To make a fantasy world believable, it has to have social stratification. Historically the poor are always with us, and the oligarchs, and the sinners, and the saints. In my work I do a lot with gender identity, and strong female figures, but you can’t populate the whole world with them. It’s not realistic, any more than making all the men powerful—or weak—is realistic. Worse yet, it would be boring. I have my downtrodden streetwalkers and homeless children, as well as the nobles and merchants and soldiers, etc, etc. I just don’t divide them by gender.

One of the advantages of writing fiction in general, and fantasy in particular, is that you can design the world to suit yourself. In the Nightrunner series I try for egalitarianism within each strata. So there are female guild leaders and soldiers, women of noble birth who own and manage their own property, wives and mothers who raise strong families by being strong women, not meek and subservient. But you have to have to have the weak and the negative, too, or your world building is flat, and worse yet, a soapbox.  But—and this is a major but—either way, weak or strong, you have to have a good reason, as a writer, for creating those particular characters, one your overarching societal construct  both needs and justifies. If you degrade a character, it must be for a logical reason that advances the story. Otherwise it’s gratuitous. If it’s your main character you degrade in some way, then chances are she overcomes that and triumphs in the end. But with secondary and background characters, that may not be the case. Your female hero may encounter women in desperate straits. What she does or doesn’t do about that is indicative of her nature. But you also have the desperate secondary character. Can they be saved? Do they want to be? Are they trapped by fear or a view that does not allow them to change? That may sound like a lot of work on a background character, but it builds your world by giving the reader insight into the types of things that can happen to people in your society.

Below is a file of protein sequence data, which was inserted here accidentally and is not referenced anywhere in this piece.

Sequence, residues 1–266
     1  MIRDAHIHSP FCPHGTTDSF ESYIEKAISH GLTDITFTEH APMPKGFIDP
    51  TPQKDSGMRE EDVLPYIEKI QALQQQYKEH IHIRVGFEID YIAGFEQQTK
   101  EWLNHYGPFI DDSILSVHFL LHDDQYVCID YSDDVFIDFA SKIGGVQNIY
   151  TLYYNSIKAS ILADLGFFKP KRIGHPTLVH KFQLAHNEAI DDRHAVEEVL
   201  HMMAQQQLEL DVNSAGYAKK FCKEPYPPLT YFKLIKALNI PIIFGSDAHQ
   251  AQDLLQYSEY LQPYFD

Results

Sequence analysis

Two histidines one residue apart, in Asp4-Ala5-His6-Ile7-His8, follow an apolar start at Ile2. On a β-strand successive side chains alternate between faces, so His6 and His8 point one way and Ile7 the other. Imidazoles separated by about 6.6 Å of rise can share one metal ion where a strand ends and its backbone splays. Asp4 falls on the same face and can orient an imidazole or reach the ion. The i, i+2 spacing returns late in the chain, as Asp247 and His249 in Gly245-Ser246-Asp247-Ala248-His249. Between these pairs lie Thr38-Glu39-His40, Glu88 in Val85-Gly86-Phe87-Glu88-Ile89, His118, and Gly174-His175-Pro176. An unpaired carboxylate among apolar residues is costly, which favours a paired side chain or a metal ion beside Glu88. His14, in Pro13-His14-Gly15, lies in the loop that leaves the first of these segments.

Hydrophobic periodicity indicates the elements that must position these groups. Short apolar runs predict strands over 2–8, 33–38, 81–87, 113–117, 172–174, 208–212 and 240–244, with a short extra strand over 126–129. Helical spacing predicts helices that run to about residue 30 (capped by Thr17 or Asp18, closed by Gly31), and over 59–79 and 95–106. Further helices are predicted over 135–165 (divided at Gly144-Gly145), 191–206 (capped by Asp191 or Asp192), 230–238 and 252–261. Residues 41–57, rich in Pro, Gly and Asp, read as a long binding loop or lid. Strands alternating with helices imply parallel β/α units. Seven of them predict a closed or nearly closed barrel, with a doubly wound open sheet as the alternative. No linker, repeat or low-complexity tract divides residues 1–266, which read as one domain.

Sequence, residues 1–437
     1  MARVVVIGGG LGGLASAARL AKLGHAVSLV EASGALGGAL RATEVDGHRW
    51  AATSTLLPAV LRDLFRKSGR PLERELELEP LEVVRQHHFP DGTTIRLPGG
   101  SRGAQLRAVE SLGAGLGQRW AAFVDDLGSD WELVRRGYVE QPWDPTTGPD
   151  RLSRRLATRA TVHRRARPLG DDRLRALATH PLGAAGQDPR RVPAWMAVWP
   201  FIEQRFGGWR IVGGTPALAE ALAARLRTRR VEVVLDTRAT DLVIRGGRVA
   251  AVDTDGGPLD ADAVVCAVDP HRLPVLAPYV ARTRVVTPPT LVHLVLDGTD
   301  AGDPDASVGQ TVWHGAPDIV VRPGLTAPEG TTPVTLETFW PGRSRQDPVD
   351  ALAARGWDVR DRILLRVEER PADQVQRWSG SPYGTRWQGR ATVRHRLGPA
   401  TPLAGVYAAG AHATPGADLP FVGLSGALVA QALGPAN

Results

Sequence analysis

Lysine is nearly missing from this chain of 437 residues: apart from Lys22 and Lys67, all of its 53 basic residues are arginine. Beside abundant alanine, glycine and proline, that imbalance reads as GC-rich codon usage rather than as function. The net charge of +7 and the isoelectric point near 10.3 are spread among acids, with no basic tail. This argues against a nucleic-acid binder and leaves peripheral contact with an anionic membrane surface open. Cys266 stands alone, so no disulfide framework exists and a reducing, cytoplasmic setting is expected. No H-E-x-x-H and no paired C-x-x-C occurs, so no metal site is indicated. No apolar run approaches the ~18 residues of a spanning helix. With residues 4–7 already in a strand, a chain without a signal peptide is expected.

In the Nightrunner Series, although the two heroes are male, they are surrounded by and often helped or even saved by strong women. In my Tamír Triad, however, I give the girl hero front and center, despite the fact that she spends a significant chunk of her childhood as a boy. Not dressed or disguised as a boy. As a boy. Or rather, in a boy’s body. Although she does not know it, she is still female in her essence and while that in no way precludes her from being a kickass fighter with a lion’s heart, she is plagued by moments of dysphoria when her female soul doesn’t quite match up with her male body. To some extent, she could be called a transgender character. What I really wanted to do was to explore the idea of identity and gender.

So, let’s say that you’ve created a female character who can master “male” skills, who is strong and confident, who is a leader. All good. Now, what does her being female have to do with that? How does she manifest her personality, her power, as a woman rather than, as we say, a “man with breasts”? As a writer, that’s something you have to look deeply into, because your own personal attitudes and beliefs are going to jump onto the page.  Her prowess and power must be firmly enmeshed with her personality. No, she’s not going to scream and drop her sword if she sees a spider. No, she’s not going to give up the adventuring life to settle down and have babies. Or maybe she does. You, as the creator, have to make that logical and fitting. And you have to know why she makes the decisions she makes. I’m not a psychologist or a social scientist. But I am a woman, and I have some things to say about what that can encompass. While I do write from inside that paradigm, however, I’m not Everywoman. No one is. And my characters aren’t me. They are ideas on legs, and that’s why I say you have to examine what ideas you put on the page very carefully. Your words have the power to illuminate, encourage, educate, inspire, and elucidate. You can change hearts and minds.

A final word on writing across gender: can men write believable women? Of course they can, if they’re good writers who are observant, do their research, and have a decent imagination. I write about men, after all, and the feedback makes me think that I am doing ok with that.  I may bring different insights to female characters, but it’s not a “girls only” sandbox.

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Check out Lynn Flewelling’s latest novel CASKET OF SOULS or any of her fabulous fantasies, like her story in the TALES OF THE EMERALD SERPENT anthology.

Follow her on Twitter!

I’m so excited that we’ll be having fantasy week here on my blog.  Check back each day for a post by wonderful fantasy authors Lynn Flewelling, D.B. Jackson, Steven Harper, Kalayna Price and N.K. Jemisin with a chance to win signed copies of their books!